Leading voices from across the VCSE sector have responded with concern to Kwasi Kwarteng's so-called 'mini-budget'. Whilst measures on Gift Aid were largely welcome, many charity leaders have stated that more needs to be done to protect the most vulnerable in society from the cost-of-living crisis.
Kwarteng's budget is largely viewed as relying upon a faith is supply-side, or trickle-down, economics: the UK's highest tax band - 45% for individuals who earn more than £150,000 - has been scrapped; a cap limiting bankers' bonuses has been axed; the planned increase on the amount of tax companies pay on their profits has too been discarded.
The plans drew significant criticsm from charities, with senior leaders from a broad range of single-issue organisations citing specific conern for their area of expertise.
Polly Neate, chief executive of Shelter, said: "The real growth this government should be ready for is a growth in homelessness."
Emma Revie, chief executive at the Trussell Trust, said: "Today’s mini-budget provides no additional support to help people afford the essentials. We are deeply concerned this will fail to protect people from needing a food bank."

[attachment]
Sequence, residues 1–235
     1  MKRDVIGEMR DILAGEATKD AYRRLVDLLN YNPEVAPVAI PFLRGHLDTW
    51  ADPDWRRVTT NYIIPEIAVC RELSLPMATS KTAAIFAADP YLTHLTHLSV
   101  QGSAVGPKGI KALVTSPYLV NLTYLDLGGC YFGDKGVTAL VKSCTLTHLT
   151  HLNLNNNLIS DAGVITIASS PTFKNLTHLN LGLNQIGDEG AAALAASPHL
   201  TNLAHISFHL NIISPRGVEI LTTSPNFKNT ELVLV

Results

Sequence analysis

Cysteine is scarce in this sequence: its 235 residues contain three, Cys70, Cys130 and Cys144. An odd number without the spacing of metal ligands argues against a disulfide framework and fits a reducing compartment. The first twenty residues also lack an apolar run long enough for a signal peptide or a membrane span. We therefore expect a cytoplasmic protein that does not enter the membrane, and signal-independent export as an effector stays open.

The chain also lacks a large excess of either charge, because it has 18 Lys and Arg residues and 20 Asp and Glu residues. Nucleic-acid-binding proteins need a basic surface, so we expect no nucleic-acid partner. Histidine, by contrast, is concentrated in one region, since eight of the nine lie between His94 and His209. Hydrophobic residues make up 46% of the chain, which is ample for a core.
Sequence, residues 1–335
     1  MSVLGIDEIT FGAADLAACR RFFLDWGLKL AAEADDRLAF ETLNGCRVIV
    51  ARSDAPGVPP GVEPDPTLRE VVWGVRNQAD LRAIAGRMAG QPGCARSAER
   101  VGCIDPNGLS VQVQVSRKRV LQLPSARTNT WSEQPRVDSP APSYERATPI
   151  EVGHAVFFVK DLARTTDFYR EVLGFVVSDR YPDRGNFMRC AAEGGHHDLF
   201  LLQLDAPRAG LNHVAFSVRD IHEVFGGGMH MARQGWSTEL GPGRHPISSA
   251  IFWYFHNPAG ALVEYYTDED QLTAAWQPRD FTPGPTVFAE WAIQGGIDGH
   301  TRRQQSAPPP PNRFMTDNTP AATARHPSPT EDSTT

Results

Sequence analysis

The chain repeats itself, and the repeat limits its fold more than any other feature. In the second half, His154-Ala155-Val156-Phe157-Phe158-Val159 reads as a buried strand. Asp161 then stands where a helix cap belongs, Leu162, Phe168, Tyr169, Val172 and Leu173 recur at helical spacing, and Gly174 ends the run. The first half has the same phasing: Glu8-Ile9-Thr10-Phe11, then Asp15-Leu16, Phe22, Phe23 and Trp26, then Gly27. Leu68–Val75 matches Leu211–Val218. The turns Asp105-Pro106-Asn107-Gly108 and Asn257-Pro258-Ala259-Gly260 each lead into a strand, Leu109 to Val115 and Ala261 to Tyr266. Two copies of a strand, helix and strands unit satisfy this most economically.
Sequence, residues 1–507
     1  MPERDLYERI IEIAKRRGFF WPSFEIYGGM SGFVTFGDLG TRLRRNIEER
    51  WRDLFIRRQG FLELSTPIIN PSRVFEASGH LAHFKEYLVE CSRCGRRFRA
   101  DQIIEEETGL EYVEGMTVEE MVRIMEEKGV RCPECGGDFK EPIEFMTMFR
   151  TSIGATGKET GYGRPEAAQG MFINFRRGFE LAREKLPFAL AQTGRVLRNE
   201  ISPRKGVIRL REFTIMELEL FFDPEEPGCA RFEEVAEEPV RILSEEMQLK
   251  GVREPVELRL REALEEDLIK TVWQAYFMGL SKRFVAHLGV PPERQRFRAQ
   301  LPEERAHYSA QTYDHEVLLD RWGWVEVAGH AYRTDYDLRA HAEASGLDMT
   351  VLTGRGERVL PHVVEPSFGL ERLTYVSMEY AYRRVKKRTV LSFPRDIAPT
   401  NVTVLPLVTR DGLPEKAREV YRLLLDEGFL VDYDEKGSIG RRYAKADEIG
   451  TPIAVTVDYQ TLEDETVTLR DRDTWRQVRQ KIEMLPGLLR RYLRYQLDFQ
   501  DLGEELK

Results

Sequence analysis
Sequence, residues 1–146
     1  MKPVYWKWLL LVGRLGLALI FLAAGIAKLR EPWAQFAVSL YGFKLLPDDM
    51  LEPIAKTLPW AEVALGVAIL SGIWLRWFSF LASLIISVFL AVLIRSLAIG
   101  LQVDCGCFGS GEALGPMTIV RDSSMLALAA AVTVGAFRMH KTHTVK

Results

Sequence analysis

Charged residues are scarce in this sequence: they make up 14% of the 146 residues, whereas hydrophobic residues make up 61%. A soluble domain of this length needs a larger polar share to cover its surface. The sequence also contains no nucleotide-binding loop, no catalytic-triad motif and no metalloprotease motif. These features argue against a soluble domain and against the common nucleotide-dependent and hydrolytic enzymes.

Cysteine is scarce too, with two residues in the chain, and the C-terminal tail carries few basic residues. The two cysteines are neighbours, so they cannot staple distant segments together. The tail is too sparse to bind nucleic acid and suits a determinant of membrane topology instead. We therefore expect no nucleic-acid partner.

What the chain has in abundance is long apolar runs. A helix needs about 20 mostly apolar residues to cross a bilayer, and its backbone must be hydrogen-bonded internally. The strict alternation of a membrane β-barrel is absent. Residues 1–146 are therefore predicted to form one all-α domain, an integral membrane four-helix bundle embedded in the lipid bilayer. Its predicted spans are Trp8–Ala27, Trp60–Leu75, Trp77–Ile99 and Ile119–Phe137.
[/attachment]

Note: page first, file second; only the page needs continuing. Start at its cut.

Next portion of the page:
Work Rights Centre’s chief executive, Dora-Olivia Vicol, said: "Britain doesn’t have an unemployment problem, it has a low-wage problem. This is a shocking example of punitive policy, which will only make the poorest poorer. As many as 42% of UC claimants are working!"
Cara Jenkinson, cities manager at climate solutions charity Ashden, said: "Shockingly, there is no mention of energy efficiency in this fiscal statement."
Dr Clare Mills, director of policy and communications at CFG, said: “Unsurprisingly, there were few policies directly relevant to the operation of charities and social change organisations in today’s mini-budget."
Perhaps Katy Chakrabortty, head of policy and advocacy at Oxfam GB, most succinctly captured the sense of unease within the sector: "The chancellor’s big gamble for growth promises to be win-win for the richest, with tax cuts in the bag today, while the poorest communities and younger generations are left to cross their fingers and hope."